Omhu Cuspor wrote: It's a moral crime, imo. In this case, it discredits Buddhism. Should there be people out there with genuine psychic powers, a performance like this robs them of credibility as well. It inspires all of us to trust one another at least a bit less.
Besides, genuine psychics should be able to live up to the fairer, stricter standards anyway, so not much of a loss to them this is.
But what the charlatans are doing is make a mockery of not just the "real psychics" if those exist, but of just regular, genuine believers. The tricksters exploit the believers' willingness to accept things uncritically and make them believe lies. It also makes a frankly disgusting and disrespectful mockery of the spiritual traditions themselves. There are real benefits to meditation. It helps people keep a healthier heart and a cooler head and for many it is a spiritual practice through which they find emotional peace. This is a perfectly respectable and realistic promise that gets called into question in the public mind, because cynical woosters and frauds hope to make a quick buck by callously lumping it in together with promises of magical powers.
I"m no expert, but from what I have read, is that "psychic powers", or whatever you call them or however you define them, are RESULTS from your training; Zen and Tantrik literature abound with references to hallucinations, levitations, OOBE's, telepathy, and things of this nature.
In Zen, they are called "makkyo", They are basically things that distract you from the original aim of your path, which as a Buddhist, is "enlightenment", or satori.. Check more here: en.wikipedia.org/wiki/Makyo
I don't affirm the existence of these things, but my perspective does not preclude their existence.
My questions to you are:
What are you training for?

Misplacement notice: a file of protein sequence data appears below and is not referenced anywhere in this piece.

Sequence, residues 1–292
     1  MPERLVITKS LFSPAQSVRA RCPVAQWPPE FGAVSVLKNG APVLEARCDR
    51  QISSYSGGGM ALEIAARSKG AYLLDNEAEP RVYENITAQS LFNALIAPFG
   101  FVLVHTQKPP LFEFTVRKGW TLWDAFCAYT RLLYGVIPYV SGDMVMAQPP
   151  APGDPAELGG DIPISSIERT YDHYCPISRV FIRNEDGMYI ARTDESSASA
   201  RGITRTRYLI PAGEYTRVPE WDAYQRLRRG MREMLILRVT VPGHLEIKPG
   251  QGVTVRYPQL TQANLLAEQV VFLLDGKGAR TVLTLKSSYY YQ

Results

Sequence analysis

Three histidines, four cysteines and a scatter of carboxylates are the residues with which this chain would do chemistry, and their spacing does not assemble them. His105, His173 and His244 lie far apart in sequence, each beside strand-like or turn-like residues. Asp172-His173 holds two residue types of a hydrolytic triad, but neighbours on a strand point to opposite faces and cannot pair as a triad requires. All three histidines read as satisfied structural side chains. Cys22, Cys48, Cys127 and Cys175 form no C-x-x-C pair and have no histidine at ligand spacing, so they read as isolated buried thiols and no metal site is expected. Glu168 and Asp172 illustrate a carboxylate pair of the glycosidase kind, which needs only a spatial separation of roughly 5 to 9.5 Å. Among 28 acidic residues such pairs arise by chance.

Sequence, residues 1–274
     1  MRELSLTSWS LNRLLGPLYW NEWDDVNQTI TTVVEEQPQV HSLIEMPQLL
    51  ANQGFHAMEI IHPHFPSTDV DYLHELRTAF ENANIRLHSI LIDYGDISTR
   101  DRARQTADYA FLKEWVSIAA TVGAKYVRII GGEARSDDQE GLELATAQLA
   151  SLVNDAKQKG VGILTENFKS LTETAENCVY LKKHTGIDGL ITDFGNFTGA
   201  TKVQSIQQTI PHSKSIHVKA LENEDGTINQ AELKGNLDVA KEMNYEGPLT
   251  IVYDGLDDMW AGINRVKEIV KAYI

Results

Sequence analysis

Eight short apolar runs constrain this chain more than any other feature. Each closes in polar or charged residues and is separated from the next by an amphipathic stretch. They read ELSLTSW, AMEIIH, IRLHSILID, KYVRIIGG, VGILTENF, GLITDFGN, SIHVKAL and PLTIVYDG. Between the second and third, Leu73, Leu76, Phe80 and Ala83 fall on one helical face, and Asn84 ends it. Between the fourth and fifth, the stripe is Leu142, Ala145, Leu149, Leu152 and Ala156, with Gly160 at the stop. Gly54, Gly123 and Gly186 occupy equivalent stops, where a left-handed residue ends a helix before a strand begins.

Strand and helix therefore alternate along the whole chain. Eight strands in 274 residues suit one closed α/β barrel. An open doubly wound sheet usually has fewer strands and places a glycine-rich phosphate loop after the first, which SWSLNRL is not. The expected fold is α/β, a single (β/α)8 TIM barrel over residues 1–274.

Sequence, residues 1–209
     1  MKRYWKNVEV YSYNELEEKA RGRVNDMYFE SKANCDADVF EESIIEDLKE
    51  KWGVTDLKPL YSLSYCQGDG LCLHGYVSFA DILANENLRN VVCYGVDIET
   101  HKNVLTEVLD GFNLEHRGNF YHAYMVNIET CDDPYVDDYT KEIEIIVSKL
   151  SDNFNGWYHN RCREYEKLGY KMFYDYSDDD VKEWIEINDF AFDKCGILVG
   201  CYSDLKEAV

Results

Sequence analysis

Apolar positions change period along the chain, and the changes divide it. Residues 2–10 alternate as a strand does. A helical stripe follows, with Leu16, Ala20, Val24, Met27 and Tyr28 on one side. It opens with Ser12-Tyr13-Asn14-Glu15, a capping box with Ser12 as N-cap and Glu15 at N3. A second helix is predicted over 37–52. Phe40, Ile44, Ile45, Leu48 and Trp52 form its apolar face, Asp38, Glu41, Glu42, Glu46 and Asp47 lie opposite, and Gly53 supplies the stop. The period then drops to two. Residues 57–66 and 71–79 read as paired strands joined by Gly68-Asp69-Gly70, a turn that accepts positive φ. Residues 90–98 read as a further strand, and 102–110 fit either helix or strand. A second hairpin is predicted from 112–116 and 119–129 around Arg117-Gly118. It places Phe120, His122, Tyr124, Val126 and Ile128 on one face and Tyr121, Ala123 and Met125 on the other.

And what are you willing to give up to attain your goal?
The Force is with you, always.
At any rate, that is a very unique set of goals. Give naught, get all... Best of luck to you.
Fyxe wrote: Why would I have to give up anything?
Hi Fyxe. I think the inference of Gisteron and J.K. Barker here rests in a perception that attainment of almost anything is a trade-off; we must let go of one thing to attain another.
We can see this in all sorts of human ambitions. Billionaire J. Paul Getty once opined that his aspiration to be a powerful, wealthy businessman of necessity made him an inadequate husband; he was unable to devote the necessary time and energy to both roles simultaneously to be successful at each of them. The child who aims to do well in his/her school studies has to sacrifice time playing baseball or reading comic books. Someone devoted to indulgence in an addiction gives up both healthy relationships and a healthy body. The one who seeks enlightenment may have to give up much - some mix of wealth, social interaction, status, physical pleasure, and possibly a portion of the level of sanity required to navigate Earthly life; I recall an early teacher of mine once commenting, "There are a lot of saints in mental hospitals."